Truthfully, Tygers Of Pan Tang were always a group that seemed to be dogged by lineup changes from the beginning, having once been home to many notable players including John Sykes. In fact, the first two albums have two different singers when Jess Cox was seen to quit after the release of Wild Cat in 1980, replaced by Jon Deverill of Persian Risk fame. The current lineup has literally been the most stable of any of the incarnations of the band throughout their history, but even in that there have been lineup changes throughout the period this compilation represents as well. Which is why this collection serves to represent only a chapter in the very storied book that is Tygers Of Pan Tang.
For fans of NWOBHM bands like Saxon, Diamond Head, Iron Maiden and more, Majors & Minors is a good compilation for old school fans looking to see what Tygers Of Pan Tang have been up to as of late. As well as new fans seeking to learn more about the ongoing story involving this integral group in heavy metal history, or current followers who just want to hear all the bands current favourites in one place. It marks a relatively important footnote in Tygers Of Pan Tang’s ongoing and ever evolving history…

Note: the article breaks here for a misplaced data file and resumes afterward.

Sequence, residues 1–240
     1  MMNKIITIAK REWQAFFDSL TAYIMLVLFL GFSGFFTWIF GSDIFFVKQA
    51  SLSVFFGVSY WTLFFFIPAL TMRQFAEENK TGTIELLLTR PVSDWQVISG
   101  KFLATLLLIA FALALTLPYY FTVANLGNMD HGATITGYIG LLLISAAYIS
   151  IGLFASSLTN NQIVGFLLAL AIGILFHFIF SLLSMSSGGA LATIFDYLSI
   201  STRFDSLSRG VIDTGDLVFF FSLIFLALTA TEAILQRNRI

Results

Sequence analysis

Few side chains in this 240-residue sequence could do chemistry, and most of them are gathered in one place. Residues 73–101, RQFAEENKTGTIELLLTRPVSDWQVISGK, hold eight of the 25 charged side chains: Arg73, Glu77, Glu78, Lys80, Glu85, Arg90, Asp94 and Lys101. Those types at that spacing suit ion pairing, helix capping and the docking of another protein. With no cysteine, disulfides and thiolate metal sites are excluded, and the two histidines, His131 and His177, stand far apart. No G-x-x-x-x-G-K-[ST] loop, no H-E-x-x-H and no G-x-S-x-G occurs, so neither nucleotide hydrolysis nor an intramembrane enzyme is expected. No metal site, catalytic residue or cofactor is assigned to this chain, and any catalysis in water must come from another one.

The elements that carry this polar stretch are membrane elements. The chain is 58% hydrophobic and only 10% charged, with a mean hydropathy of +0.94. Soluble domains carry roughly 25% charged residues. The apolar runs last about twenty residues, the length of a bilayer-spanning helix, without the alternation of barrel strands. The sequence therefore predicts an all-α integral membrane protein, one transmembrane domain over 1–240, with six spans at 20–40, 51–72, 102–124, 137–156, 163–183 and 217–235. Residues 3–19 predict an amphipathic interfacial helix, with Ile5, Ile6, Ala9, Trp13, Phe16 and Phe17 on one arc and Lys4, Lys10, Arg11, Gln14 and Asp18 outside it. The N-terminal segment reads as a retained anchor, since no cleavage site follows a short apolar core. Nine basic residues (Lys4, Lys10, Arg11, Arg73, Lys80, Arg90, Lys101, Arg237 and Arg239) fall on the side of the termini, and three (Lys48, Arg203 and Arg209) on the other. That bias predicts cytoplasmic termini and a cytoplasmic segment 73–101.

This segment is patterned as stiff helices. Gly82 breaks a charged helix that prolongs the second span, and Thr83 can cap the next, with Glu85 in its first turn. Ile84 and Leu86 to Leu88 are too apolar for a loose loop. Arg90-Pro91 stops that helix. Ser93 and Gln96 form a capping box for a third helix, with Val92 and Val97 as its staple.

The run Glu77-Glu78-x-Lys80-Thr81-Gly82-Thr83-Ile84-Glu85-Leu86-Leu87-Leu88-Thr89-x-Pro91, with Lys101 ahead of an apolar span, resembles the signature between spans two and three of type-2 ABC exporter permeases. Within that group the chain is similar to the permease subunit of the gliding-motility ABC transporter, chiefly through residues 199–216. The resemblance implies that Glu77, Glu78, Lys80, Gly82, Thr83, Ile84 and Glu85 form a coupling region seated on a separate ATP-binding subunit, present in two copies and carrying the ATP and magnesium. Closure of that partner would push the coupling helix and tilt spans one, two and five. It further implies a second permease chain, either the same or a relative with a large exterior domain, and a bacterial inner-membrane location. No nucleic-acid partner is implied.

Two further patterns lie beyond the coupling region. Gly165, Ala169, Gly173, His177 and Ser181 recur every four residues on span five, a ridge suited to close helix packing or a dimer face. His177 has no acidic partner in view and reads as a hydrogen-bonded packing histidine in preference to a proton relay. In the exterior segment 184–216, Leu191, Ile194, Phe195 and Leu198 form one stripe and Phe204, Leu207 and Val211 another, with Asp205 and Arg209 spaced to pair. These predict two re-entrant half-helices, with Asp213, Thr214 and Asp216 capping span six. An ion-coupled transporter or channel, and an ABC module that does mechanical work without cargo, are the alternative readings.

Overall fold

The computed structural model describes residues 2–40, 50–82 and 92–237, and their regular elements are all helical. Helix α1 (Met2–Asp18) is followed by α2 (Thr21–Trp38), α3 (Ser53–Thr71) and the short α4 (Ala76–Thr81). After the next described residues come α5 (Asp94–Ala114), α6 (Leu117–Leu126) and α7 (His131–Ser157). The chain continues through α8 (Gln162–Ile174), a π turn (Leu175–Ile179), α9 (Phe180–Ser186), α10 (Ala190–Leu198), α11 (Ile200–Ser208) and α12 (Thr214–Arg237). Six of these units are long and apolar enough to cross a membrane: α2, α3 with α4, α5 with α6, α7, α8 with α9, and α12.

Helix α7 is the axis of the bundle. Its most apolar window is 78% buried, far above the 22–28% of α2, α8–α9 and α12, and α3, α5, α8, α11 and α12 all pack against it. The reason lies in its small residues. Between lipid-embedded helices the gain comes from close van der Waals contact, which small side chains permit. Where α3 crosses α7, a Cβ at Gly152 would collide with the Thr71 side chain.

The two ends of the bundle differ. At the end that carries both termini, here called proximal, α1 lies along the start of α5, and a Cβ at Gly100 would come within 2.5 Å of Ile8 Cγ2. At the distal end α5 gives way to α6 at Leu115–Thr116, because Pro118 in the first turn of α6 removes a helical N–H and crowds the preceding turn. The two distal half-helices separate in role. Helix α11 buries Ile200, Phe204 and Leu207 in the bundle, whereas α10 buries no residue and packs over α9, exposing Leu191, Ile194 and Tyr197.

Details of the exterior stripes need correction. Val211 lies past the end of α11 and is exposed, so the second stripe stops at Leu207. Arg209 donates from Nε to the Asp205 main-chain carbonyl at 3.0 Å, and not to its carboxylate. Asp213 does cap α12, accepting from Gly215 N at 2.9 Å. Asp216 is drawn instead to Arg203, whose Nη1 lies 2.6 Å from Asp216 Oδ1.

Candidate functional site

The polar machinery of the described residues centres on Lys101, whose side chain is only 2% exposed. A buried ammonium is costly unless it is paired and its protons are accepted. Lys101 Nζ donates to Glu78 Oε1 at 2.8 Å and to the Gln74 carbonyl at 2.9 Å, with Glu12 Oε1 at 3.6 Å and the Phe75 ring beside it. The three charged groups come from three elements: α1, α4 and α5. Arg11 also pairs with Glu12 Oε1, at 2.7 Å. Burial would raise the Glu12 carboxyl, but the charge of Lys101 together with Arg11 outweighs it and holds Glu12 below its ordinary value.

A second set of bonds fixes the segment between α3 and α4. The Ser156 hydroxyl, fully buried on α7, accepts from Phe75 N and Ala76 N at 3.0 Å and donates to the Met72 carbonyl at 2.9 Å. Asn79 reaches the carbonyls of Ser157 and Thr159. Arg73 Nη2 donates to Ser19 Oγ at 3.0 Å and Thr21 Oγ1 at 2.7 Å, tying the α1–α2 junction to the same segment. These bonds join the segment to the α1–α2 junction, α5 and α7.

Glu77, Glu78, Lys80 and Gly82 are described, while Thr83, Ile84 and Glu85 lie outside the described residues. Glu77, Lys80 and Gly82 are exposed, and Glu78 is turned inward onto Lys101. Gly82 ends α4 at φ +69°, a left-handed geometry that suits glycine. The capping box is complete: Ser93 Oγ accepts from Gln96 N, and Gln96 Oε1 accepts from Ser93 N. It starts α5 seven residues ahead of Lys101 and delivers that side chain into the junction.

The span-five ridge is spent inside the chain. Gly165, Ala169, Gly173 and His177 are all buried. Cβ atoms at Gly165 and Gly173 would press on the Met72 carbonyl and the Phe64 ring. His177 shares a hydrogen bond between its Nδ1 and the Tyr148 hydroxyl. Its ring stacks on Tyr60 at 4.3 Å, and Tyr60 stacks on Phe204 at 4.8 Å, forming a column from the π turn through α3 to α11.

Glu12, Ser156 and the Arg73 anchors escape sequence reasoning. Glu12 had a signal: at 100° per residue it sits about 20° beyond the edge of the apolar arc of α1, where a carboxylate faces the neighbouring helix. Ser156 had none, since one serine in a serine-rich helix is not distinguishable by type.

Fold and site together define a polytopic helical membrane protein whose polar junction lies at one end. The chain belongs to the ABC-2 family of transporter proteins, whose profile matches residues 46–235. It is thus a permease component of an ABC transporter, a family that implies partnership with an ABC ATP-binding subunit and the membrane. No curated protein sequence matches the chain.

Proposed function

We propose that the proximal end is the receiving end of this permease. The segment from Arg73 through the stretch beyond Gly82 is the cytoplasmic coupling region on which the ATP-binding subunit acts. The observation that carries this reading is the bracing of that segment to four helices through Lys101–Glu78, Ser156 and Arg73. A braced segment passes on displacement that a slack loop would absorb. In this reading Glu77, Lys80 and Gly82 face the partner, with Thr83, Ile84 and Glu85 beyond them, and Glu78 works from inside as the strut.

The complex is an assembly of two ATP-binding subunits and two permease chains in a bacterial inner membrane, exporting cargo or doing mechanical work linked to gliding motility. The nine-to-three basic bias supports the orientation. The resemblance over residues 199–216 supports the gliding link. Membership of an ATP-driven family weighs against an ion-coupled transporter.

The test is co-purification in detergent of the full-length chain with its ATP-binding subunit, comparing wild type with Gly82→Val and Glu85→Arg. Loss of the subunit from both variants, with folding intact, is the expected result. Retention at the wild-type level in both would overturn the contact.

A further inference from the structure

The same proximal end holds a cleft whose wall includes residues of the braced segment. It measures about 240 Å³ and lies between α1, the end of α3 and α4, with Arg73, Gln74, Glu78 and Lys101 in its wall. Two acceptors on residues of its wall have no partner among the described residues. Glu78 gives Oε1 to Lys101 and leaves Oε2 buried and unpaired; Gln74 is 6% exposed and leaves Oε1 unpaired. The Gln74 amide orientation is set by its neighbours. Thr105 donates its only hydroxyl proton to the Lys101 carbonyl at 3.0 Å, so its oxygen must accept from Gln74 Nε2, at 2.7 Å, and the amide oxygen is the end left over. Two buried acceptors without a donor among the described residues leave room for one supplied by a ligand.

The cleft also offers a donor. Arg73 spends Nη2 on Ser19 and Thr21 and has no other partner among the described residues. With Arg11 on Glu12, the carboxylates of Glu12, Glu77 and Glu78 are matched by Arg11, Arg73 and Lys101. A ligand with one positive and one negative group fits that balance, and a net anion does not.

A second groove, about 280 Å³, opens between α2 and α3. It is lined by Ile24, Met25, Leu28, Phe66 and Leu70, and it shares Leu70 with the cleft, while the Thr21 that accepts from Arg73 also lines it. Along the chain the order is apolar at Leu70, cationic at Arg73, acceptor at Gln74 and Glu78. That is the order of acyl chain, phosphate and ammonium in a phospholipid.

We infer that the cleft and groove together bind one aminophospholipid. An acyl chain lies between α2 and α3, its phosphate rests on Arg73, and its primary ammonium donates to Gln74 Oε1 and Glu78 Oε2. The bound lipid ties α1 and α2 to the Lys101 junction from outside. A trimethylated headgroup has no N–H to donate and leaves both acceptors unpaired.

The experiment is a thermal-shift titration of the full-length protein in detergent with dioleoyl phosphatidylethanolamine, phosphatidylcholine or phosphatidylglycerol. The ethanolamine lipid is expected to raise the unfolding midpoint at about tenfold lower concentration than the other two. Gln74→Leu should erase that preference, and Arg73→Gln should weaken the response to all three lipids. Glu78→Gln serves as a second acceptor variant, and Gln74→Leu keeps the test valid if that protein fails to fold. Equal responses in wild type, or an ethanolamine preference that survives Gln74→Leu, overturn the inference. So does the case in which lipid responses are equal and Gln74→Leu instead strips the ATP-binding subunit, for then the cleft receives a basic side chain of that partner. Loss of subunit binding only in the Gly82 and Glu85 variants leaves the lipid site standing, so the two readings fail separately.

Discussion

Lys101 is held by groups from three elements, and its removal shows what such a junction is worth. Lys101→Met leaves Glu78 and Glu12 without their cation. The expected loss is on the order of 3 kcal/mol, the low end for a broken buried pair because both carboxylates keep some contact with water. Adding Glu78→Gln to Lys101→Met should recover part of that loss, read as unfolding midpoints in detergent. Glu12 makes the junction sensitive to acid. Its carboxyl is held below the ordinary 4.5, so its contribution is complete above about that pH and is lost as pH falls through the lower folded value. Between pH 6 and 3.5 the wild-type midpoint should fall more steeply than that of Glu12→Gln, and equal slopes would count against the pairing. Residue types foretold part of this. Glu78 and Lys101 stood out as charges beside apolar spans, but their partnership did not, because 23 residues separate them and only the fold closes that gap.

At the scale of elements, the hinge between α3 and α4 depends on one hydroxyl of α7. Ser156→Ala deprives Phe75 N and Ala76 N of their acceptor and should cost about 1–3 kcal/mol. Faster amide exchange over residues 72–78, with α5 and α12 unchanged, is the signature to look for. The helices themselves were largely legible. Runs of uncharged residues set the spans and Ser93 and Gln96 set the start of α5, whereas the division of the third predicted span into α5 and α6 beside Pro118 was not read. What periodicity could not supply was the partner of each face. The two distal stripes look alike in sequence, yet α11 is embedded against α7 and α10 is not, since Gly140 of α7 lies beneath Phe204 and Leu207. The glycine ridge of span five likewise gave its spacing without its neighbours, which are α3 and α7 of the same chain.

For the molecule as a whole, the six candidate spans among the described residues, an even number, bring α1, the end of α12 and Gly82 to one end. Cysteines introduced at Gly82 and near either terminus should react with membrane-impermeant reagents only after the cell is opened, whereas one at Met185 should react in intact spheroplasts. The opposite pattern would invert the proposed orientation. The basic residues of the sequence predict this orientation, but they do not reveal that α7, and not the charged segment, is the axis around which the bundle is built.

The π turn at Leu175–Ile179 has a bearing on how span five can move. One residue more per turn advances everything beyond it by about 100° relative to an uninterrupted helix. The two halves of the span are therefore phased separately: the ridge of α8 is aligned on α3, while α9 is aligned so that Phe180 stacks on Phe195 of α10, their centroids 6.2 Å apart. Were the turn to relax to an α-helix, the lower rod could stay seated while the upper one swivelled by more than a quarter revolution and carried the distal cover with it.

Crack it open and crank it up!
Jacopo (Jack) Meille – Vocals
Robb Weir – Guitars
Gav Gray – Bass
Craig Ellis – Drums
Francesco Marras – Guitars
1. Only The Brave
4. Never Give In
5. Worlds Apart
6. Glad Rags
7. Let It Burn
8. White Lines
9. The Devil You Know
10. Keeping Me Alive
11. Hot Blooded
12. Damn You!
13. Spoils Of War (Orchestral Mix)
14. What You Say
15. Plug Me In